A Flake-y Appropriator?

Posted January 11, 2008 at 5:36pm

Rep. Jeff Flake (Ariz.) has added his name to the list of the Republicans interested in being considered for the Appropriations Committee vacancy.

[IMGCAP(1)]Flake has been among the most vocal critics in Congress on fiscal responsibility and has advocated for the elimination of earmarks. His tactics have raised the ire of Members in both parties, especially appropriators.

While Flake is viewed as a long shot for the committee, he has strong backing from fiscal conservatives.

Americans for Prosperity wrote to Minority Leader John Boehner (R-Ohio) late last week to endorse Flake’s bid.

“You have a historic opportunity to help change the culture of the Appropriations Committee by appointing Congressman Flake,” wrote Tim Phillips, the group’s president.

A seat on the powerful committee opened up when then-Rep. Roger Wicker (R-Miss.) was appointed to replace former Sen. Trent Lott (R-Miss.), who resigned late last year.

Also seeking the Appropriations seat are GOP Reps. Jo Bonner (Ala.), Henry Brown (S.C.), Tom Cole (Okla.), Dave Reichert (Wash.) and Michael Turner (Ohio).

Rep. Joe Wilson (R-S.C.) withdrew his name from consideration and is supporting Cole.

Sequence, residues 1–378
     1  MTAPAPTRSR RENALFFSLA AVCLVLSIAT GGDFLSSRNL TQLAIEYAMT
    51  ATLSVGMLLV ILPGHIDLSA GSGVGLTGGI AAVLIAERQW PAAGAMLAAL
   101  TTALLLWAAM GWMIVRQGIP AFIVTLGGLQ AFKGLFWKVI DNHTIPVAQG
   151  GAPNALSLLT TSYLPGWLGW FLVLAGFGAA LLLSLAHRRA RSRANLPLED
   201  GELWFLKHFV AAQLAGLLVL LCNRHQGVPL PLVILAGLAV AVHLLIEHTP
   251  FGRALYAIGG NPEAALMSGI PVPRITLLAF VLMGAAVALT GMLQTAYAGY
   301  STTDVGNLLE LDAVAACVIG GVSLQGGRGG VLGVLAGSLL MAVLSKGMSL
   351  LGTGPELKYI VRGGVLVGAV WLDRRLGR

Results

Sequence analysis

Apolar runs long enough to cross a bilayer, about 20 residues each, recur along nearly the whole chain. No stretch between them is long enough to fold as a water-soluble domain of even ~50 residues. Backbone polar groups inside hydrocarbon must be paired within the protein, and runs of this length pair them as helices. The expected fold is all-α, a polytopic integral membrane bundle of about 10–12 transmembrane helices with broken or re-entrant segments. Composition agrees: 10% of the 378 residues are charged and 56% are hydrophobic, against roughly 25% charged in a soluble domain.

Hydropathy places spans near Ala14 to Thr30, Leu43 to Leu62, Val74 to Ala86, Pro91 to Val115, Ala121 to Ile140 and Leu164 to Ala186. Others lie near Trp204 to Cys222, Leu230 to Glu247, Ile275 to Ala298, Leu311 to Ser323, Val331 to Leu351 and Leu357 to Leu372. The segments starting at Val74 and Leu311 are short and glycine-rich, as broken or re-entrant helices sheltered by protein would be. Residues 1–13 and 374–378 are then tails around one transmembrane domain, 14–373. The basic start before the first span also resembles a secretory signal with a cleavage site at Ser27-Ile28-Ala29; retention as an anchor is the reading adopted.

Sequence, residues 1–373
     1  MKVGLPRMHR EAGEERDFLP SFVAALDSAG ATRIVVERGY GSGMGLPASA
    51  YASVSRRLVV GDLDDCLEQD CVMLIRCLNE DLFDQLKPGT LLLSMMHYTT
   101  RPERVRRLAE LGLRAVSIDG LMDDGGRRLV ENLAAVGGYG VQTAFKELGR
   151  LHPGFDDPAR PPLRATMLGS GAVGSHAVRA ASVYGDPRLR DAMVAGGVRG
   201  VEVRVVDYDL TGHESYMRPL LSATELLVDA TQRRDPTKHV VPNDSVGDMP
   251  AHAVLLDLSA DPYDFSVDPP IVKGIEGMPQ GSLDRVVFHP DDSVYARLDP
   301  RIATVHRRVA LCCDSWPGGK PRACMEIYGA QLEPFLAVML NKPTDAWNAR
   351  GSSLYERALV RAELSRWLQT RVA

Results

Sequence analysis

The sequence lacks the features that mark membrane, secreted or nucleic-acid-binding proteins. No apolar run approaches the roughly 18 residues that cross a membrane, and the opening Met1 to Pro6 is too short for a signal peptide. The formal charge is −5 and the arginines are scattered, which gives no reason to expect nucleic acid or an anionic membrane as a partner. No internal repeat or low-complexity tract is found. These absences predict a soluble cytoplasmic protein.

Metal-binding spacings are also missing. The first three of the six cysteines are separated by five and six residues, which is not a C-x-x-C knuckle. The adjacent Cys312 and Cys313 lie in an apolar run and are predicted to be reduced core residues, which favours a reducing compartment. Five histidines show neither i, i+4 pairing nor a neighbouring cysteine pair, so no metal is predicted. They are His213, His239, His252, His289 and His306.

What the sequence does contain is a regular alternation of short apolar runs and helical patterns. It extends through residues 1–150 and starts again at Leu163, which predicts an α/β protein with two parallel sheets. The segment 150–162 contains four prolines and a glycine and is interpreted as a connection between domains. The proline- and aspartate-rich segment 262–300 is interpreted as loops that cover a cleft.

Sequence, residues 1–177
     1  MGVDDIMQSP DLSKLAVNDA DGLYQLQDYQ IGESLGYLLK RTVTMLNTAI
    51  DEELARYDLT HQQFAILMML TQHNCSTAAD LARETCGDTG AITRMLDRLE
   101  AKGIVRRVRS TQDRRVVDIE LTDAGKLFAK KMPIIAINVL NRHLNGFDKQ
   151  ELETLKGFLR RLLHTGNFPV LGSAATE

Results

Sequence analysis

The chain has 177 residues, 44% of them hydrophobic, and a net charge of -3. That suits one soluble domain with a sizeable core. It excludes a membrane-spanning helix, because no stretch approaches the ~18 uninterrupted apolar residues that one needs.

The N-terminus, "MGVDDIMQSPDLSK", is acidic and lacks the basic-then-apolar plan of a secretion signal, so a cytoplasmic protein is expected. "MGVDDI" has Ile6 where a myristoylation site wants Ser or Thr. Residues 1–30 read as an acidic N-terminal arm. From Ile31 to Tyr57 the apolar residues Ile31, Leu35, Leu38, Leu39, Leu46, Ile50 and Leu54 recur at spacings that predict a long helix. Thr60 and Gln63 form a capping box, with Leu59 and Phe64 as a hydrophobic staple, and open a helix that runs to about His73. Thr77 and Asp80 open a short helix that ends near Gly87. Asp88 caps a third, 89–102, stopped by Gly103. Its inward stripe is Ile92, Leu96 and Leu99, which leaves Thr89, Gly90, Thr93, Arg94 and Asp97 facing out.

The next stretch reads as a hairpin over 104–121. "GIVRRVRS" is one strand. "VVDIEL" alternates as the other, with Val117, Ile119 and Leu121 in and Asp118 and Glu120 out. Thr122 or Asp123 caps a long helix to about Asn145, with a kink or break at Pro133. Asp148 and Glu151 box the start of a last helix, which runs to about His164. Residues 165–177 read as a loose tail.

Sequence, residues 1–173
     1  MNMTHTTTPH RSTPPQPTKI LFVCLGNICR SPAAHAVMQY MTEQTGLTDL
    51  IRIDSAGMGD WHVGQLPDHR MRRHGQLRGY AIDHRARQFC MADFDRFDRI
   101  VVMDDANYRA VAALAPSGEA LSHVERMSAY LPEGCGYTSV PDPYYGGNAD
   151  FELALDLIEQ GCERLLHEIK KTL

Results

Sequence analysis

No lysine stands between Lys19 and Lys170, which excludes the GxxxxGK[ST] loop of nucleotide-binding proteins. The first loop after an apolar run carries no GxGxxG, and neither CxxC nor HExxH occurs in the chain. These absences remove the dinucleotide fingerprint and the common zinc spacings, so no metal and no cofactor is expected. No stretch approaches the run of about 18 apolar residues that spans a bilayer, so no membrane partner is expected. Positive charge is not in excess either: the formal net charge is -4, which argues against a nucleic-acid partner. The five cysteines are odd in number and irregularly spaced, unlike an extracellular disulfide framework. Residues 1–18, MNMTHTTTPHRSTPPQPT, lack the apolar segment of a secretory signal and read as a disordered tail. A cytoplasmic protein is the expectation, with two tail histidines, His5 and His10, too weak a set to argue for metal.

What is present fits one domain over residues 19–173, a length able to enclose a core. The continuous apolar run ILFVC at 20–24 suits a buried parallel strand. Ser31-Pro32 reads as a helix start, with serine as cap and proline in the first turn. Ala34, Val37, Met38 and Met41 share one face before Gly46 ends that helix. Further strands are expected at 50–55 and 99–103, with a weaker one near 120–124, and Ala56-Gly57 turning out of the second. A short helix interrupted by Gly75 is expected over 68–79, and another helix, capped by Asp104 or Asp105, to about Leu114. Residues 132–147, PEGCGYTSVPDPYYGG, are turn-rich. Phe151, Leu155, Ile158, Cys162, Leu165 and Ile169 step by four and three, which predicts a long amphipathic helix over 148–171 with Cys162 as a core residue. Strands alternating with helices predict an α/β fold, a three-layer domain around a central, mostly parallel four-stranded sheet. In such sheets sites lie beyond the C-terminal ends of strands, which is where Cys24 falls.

Anticipating a Supreme Ruling. The Supreme Court on Friday agreed to hear a challenge to the “Millionaires’ Amendment,” a provision of the 2002 Bipartisan Campaign Finance Reform Act that ups contribution limits for opponents of wealthy self-funding candidates.

The case, Jack Davis v. Federal Election Commission, likely will be argued this winter, with a decision expected by mid-summer.

Davis, a wealthy factory owner in Western New York, spent more than $2 million of his own money on a narrow loss last year to then-National Republican Congressional Committee Chairman Tom Reynolds (N.Y.). He spent about $1.2 million to run against Reynolds in 2004.

Davis argued that the Millionaires’ Amendment trampled on his Constitutional right of free speech and amounted to an incumbent protection racket. A three-judge federal panel in Washington, D.C., upheld the provision last year, saying Davis failed to show that his speech had been constrained.

— Lauren W. Whittington and Matthew Murray